An Arowhon Instructor has a Mission to Teach
Activity Instructors are trained to teach children from absolute beginners to experts. Their mission is to make learning fun, to motivate campers to want to learn.
We teach the instructors how to deliver specific lessons for beginners to help them develop comfort, skills and confidence at the activity. We also teach and supervise the instructors to make the learning fun and to manage risks so the activity is safe. Instructors inspire campers to persevere and challenge themselves so that they achieve success at activities.
Tools to build
Happy campers & cabin groups
Algonquin gives us a place to hear ourselves. Skills-based learning helps us trust ourselves.
But it's our approach to the community that helps us support each other. Camp staff are trained and mentored—-before and during camp—-to support kids socially and emotionally, using the Camp Arowhon Social Safety Tool Kit.
The Tool Kit is the manifestation of the mission carved on the three tall wooden pillars standing at the entrance to camp: Caring, Respect and Learning. It comprises the steps we take to deliberately turn everyday elements of camp into opportunities.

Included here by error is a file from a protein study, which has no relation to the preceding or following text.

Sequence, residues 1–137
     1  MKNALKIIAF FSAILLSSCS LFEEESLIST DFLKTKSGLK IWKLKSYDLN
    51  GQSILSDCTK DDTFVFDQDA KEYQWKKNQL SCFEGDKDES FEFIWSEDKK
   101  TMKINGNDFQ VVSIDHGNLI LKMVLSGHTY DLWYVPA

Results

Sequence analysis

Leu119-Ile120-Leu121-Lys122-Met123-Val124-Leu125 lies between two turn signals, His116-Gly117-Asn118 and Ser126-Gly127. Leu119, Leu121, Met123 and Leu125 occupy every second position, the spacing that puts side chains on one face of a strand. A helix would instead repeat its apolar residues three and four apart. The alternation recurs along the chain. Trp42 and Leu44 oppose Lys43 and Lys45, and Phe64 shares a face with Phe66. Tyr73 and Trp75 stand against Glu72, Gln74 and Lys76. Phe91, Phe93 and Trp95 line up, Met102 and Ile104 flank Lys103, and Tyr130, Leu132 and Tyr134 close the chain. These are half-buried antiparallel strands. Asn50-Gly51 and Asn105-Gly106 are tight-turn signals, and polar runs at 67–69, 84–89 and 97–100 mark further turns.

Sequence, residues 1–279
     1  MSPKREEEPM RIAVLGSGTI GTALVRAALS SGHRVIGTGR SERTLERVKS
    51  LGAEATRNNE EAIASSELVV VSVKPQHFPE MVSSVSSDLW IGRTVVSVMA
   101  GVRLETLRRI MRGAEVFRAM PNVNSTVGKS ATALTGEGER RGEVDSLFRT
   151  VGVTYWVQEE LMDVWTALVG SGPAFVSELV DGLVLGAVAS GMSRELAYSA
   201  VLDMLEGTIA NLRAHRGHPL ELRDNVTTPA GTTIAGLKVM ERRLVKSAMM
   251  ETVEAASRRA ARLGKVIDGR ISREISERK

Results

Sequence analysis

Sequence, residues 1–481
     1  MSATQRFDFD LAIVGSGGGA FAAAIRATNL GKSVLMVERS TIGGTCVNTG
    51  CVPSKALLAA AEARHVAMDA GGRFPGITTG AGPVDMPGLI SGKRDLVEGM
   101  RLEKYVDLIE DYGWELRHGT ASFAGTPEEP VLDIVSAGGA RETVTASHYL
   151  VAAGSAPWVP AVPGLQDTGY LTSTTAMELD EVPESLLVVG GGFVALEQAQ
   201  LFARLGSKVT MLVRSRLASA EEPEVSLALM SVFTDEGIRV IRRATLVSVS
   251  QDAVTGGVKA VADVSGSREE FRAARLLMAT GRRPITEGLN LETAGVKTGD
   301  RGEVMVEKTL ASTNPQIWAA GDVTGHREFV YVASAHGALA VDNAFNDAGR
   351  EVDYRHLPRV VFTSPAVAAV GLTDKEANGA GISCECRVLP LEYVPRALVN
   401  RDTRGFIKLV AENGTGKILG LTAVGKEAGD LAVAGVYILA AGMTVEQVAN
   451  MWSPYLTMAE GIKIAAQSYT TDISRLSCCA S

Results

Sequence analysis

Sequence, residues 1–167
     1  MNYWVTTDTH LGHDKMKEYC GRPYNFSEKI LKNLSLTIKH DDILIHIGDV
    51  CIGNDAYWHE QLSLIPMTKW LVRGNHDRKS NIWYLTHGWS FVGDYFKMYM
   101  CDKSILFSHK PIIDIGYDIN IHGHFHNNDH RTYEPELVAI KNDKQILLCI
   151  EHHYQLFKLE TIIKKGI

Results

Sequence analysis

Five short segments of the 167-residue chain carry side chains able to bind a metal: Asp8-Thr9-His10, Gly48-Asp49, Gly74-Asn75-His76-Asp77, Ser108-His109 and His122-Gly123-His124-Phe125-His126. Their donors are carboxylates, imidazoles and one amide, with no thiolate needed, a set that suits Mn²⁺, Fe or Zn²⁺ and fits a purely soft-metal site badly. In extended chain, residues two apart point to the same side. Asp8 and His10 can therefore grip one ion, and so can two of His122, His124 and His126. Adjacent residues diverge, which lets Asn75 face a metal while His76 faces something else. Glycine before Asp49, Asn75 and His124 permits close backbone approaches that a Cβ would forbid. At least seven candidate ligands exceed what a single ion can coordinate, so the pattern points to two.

The Tool Kit informs how we use activities as a vehicle for growing confidence. It helps us turn living together as a group in a cabin into a golden opportunity for campers to learn to work out their conflicts, enjoy friendships that thrive and grow, and live together with respect and inclusion.
Some of the tools in the Tool Kit are:
Cabin Circle - Every cabin in camp reflects on their day nightly at bedtime. Each camper talks about the good and not-so-good stuff and what they learned in their day - which builds a foundation of both talking about your feelings and listening respectfully to others.
Talking Circles - Once a week cabin groups gather for facilitated conversations about issues like friendship, pressure, identity, and other challenges of growing up..
Peacemaking - Counsellors help campers talk through conflicts in a non-judgmental way that helps kids find their voice so they can solve their problems.
Bully Interventions - When bullying happens, staff are there to intervene and to support kids' relationships to keep everyone emotionally safe.
As a result of all these supports, campers learn to solve social problems and develop emotional intelligence. They go home more caring, confident and resourceful.
Staff are on the Lookout for Campers' Well-Being
Arowhon staff are trained and supervised to be on the lookout for their campers' well-being both individually and in their cabin group. Having caring staff who are always looking out for you is what makes camp such a safe place for every camper.
Staff Training and Supervision
We accomplish that by choosing professional, caring staff with a proven track record in respectful attention to children's needs, and then training them extensively first to see what's going on for every child and second to support and mentor every camper to thrive and find success.